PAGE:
While we’re all worrying about physical health, concern about our financial health isn’t far behind. Furloughs, layoffs, and suspended contracts are appearing in more and more industries, while jobless numbers are climbing at unprecedented levels. Meanwhile, the market’s volatility has many people wondering if there’s anything they can do to come out ahead—or just a little less behind.
If you’re in a position to share some financial best practices with your workforce (companies have different policies on this front), here are four you might pass on:
Withdraw retirement funds only as an absolute last resort
In order to give people more access to their savings, congress just lifted the penalty on early withdrawals from 401(k)s and other retirement accounts, up to $100,000. If folks have been carefully building up a nest egg for years, it might sound tempting to take advantage of that penalty-free cash access. However, everyone should exercise extreme caution with this move. As in, wear a mask, wash your hands, and take a good, hard look at what it means to wipe out a time-honored financial savings tool that works best when left untouched.
No one knows exactly what the post-coronavirus market will look like, or how long the economic recovery will take. However, one thing is for sure: your work force will want to retire one day, and they’ll need some money to do that. If people are feeling strapped for cash, either due to a partner’s lost income or any of the financial aftershocks happening right now, point them towards other resources first: emergency savings, a home equity loan, or even a personal loan from their bank.
Promote benefits that offer free and discounted services
If your company offers an Employee Assistance Program (EAP), this is it’s time to shine. With mental health resources, financial advice, even support for child and elder care or relationship issues, an EAP can be a buffet of free (FREE!) programs that employees may have never needed before, but find themselves searching for now. And even better: EAPs are already set up for remote access.
Many companies also offer discounted rates for legal software like LegalZoom and RocketLawyer. If you have employees who’ve been spurred by this crisis to quickly get responsible about finally setting up a will, remind them to take advantage of those potential savings, too.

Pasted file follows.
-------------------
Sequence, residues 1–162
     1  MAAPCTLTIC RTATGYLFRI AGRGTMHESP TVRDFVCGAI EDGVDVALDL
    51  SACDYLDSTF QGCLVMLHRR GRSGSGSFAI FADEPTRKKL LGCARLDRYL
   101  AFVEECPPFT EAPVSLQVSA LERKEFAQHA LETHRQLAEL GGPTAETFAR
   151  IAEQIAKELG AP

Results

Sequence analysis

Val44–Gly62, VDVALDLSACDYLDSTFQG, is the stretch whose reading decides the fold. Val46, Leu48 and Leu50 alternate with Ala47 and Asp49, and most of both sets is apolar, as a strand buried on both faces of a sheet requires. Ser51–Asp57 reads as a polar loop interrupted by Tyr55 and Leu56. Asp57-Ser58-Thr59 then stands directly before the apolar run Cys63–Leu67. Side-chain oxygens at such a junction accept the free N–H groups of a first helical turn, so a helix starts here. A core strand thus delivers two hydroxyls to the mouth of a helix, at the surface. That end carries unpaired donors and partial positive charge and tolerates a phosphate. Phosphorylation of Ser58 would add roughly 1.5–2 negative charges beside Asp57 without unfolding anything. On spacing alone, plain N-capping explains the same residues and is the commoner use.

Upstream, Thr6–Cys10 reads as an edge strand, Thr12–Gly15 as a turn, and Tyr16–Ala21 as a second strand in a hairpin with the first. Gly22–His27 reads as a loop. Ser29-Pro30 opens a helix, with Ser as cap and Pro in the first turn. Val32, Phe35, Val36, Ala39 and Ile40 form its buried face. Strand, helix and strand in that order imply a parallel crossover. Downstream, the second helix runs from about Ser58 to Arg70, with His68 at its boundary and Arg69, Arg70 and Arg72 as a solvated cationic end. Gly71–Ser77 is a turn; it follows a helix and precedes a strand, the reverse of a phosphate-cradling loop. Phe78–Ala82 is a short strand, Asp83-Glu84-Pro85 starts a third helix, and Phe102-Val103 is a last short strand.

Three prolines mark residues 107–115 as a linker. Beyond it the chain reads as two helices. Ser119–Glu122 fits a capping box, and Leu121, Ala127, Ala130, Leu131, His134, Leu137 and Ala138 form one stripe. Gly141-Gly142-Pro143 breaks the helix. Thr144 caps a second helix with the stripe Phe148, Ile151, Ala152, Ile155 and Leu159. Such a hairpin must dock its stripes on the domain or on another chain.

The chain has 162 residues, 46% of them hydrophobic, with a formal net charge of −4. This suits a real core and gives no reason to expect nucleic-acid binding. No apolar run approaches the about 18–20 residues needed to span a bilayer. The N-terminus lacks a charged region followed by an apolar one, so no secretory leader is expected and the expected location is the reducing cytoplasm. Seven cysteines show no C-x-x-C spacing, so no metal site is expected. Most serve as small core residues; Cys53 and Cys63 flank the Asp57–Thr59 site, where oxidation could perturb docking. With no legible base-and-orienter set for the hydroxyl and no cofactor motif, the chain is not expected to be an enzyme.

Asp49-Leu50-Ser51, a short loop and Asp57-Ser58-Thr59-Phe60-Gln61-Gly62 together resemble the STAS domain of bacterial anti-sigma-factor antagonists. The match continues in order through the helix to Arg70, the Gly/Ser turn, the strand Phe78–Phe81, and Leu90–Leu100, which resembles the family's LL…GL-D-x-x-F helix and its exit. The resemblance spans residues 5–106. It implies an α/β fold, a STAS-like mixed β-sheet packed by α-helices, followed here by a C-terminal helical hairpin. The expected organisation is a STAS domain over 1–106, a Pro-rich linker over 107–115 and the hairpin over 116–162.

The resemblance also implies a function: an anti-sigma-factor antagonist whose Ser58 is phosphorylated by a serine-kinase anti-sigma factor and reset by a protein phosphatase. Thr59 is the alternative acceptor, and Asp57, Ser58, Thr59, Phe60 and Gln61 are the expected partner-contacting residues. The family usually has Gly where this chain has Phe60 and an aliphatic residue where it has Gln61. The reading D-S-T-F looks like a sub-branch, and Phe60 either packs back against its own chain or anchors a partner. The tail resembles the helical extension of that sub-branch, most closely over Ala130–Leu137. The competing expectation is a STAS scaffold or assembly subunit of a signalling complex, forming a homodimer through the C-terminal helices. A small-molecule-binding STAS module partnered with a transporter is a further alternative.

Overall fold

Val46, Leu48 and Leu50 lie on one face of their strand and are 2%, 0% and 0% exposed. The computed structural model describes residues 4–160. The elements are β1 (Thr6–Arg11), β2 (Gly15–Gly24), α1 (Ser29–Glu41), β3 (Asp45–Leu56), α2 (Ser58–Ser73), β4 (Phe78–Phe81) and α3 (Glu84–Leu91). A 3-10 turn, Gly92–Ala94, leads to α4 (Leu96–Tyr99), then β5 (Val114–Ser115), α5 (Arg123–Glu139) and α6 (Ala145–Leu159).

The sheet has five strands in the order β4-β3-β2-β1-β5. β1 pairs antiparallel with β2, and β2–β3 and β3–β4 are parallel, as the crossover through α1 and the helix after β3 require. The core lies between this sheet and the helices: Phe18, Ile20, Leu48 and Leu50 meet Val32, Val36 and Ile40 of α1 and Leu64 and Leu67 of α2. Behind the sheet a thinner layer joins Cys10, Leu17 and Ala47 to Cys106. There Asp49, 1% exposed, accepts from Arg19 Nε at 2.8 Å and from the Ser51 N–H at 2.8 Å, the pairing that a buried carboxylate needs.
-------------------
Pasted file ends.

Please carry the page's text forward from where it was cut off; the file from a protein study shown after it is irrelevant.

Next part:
Don’t stop believing…in your 401(k) and HSA
With so much economic uncertainty, stashing money away for retirement might seem impractical, especially if you’ve taken a look at your retirement account lately (gulp). However, experts are unanimous on this one: unless it means incurring personal debt, no one should stop contributing. Common wisdom holds that the market will eventually recover. If anything, those weekly paycheck deferrals are buying more shares than ever, thanks to a deflated market.
Also, consider encouraging risk-adverse employees to contribute more into their HSAs, which are a more liquid savings vehicle. They can choose to invest those funds when or if the time seems right…or use them to pay for more immediate expenses.
Use Your CARES Act money responsibly
Congress’s two trillion dollar rescue package includes $1,200 per person making less than $75,000, and $2,400 for households making up to $150,000. Given that your workforce is among the still-employed, chances are they won’t need the funds to cover immediate living expenses. Instead, you might encourage them to put that money towards a 3-6 month emergency savings fund, if that isn’t already in place.
And one last idea for those in a position to do so: putting that money into the local economy will help everyone weather the storm a little bit longer. Hopefully your employees are continuing to support their dog walkers, housekeepers, and childcare providers, but consider adding one extra night of take-out (or delivery) to the weekly rotation to help a local restaurant survive, too. And of course, donations to food pantries and other support organizations are sorely needed everywhere.